(Fourth in a series about fundamental marketing documents every business needs. The third was: Shape your business culture with your core values. )
You don’t control the position your brand occupies — your customers do. But you can influence it.
And the place to start is with a brand positioning statement.
A position statement identifies your target market and paints a picture of how you want your target market to perceive your brand. While the customer ultimately decides where your brand will be positioned, you can influence that perception by deciding which positions you have the best chance of occupying and defending based on the strengths of the brand.
You need to write a positioning statement before you begin marketing your product or service. It’s important to understand who your target market is so that you don’t waste money trying to appeal to the wrong audience or to the ubiquitous “everybody.” “Everybody” is not a target audience.
It may sound counter-intuitive, but trying to appeal to everyone is the sure path to failure. Success is found through differentiating your brand so that it appeals to a narrow audience and then clearly defining it in your positioning statement.
Once the audience is defined, the next step is making a list of the needs or wants that your target market has and the benefits that your product or service uniquely provides. How is your solution different from every other product on the market? This is your unique selling proposition, or USP.
You should provide one or two “reasons to believe” in your product or service. These are your best supporting points that defend your brand’s USP. Perhaps they are irrefutable research facts. Maybe they are emotional truths. Whatever you can say that bolster your case in the best possible way, use them.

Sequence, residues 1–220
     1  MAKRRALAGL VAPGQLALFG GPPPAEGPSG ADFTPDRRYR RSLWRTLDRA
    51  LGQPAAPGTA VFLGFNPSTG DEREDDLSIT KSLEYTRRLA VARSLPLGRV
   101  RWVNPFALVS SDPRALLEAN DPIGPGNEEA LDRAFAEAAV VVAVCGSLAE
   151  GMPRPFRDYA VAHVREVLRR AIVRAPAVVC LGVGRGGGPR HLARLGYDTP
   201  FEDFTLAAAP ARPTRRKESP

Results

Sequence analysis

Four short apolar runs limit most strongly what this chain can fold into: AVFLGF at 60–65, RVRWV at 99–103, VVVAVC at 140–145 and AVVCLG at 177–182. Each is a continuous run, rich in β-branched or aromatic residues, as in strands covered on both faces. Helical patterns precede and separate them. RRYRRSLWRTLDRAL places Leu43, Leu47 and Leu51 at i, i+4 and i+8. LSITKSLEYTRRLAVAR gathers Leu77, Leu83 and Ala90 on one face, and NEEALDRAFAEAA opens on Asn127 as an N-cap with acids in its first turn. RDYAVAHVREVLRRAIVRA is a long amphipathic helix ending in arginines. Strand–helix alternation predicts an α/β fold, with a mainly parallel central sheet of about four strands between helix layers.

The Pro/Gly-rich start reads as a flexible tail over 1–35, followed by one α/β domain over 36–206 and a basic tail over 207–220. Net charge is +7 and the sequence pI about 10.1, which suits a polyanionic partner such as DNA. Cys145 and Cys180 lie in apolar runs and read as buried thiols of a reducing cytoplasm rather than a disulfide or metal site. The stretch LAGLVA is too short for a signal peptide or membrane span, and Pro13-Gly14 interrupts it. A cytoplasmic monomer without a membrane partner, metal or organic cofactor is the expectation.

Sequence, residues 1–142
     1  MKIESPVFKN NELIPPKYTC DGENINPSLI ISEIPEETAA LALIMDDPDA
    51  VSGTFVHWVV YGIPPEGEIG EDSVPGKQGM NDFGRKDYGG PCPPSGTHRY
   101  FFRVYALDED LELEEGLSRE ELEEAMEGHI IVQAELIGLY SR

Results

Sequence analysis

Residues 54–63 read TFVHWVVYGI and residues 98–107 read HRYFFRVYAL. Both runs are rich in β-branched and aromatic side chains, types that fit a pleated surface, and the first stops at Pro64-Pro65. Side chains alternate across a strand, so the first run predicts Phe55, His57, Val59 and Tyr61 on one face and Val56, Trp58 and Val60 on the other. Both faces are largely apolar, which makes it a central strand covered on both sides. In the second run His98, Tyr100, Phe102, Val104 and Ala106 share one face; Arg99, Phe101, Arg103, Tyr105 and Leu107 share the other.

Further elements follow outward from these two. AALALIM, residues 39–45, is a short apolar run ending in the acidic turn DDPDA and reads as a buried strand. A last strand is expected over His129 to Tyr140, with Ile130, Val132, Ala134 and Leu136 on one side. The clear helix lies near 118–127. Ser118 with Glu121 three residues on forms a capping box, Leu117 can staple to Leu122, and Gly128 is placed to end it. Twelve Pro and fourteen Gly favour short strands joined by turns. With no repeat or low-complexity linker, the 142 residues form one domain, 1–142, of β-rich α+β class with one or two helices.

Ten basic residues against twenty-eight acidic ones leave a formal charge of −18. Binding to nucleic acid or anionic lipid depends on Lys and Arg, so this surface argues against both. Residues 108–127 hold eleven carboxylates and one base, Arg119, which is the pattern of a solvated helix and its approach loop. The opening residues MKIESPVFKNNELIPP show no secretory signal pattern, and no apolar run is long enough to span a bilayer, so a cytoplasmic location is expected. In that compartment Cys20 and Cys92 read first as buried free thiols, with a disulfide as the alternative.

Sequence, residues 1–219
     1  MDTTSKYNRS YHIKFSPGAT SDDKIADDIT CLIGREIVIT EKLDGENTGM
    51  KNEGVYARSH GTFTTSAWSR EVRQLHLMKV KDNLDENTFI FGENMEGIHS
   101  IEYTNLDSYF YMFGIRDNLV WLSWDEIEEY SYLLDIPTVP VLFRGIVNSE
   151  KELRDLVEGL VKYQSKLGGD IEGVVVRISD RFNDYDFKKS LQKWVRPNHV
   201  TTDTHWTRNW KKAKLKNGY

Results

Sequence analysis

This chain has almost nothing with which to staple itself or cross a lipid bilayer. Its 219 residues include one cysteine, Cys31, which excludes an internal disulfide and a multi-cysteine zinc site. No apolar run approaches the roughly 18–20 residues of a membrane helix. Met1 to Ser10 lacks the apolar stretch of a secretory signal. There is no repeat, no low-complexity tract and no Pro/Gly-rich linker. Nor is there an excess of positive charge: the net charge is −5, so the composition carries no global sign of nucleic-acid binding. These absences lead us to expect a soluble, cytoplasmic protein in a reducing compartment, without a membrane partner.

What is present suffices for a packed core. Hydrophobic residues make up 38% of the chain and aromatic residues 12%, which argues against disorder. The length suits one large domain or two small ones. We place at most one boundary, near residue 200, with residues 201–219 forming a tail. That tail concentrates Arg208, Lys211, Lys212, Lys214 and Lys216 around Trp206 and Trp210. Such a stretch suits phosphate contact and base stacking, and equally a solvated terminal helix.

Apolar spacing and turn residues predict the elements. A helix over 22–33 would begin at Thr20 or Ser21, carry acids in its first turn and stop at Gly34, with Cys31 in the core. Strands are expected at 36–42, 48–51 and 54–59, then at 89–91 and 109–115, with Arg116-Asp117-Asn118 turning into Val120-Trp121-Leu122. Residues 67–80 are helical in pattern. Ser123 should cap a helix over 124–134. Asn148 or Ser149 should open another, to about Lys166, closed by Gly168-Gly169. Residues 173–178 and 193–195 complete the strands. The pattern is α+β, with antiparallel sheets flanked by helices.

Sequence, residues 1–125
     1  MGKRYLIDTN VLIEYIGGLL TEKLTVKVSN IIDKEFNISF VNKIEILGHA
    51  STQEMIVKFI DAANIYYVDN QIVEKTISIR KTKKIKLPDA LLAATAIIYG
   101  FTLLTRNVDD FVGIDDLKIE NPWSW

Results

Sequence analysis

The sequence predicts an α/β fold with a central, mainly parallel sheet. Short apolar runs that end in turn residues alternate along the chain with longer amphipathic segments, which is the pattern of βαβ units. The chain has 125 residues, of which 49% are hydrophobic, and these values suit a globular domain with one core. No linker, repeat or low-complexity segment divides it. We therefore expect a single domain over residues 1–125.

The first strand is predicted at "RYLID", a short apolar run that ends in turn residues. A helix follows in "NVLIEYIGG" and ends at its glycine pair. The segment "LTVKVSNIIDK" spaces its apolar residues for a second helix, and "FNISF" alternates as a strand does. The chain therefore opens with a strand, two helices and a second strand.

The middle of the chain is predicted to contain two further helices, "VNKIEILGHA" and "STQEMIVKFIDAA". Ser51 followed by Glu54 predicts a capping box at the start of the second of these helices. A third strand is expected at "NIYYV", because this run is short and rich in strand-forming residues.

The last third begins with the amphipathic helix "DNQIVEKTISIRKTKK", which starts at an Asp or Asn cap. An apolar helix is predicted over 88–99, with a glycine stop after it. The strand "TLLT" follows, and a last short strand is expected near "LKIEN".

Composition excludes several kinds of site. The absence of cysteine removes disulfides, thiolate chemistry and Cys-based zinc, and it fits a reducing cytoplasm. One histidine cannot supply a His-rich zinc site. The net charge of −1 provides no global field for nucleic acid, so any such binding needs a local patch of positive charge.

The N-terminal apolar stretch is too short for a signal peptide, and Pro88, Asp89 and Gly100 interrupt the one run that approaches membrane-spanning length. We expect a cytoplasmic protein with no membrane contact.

Brand Positioning statement templates
There are a number of templates available for writing a positioning statement. Geoffrey Moore, an American organizational theorist, management consultant and author of Crossing the Chasm, suggests this format:
For (target customers)
Who (have the following problem)
Our product is a (describe the product or solution)
That provides (cite the breakthrough capability)
Unlike (reference competition),
Our product/solution (describe the key point of competitive differentiation)
Here is an example of a positioning statement written in this format:
For movie producers and others
Who depend heavily on post-production special effects,
Silicon Graphics provides computer workstations
That integrate digital fantasies with actual film footage.
Unlike any other vendor of computer workstations,
SGI has made a no-compromise commitment to meeting film makers’ post-production needs.
Beloved Brands suggests this format:
For the target market (a) Brand X plays in the market (b) and it gives the main benefit (c). That’s because of the following reasons to believe (d).
Blueprint Creative uses this format:
– Core User: a group of like-minded people who have a special allegiance to your brand (existing), or are most likely to (new)
– Reference Point: the framework where your brand will reside.
– Brand Promise: The primary feature or benefit with the strongest, most persuasive appeal to the Core User.
Examples of positioning statements written in this format:
To family-oriented adult car owners concerned with safety, Michelin tires are the premium tires that can provide greater peace of mind.
To adults suffering from a variety of cold and/or flue symptoms, NyQuil is the original soothing night-time cold medicine that effectively relieves symptoms so you can sleep through the night.
There is no right or wrong format — use what works for you as long as you are clearly identifying your target market, the main benefit you provide that audience and your rationale.
The emotional brand
As you can see in these examples above, it’s important for brand positioning statements to incorporate an emotional appeal. In the Michelin statement, tires provide “peace of mind” because they are safer. NyQuil is “soothing” and “effectively relieves symptoms so you can sleep.” As much as we like to think of ourselves as rational beings, studies have shown that we make decisions from our emotions.
Another thing to be aware of is that your positioning can change. As new competitors enter the market, you may find that you need to shift positions. What works a one point in the lifecycle of a product or service may not work at another point.
OK, it’s your turn. What is your positioning statement?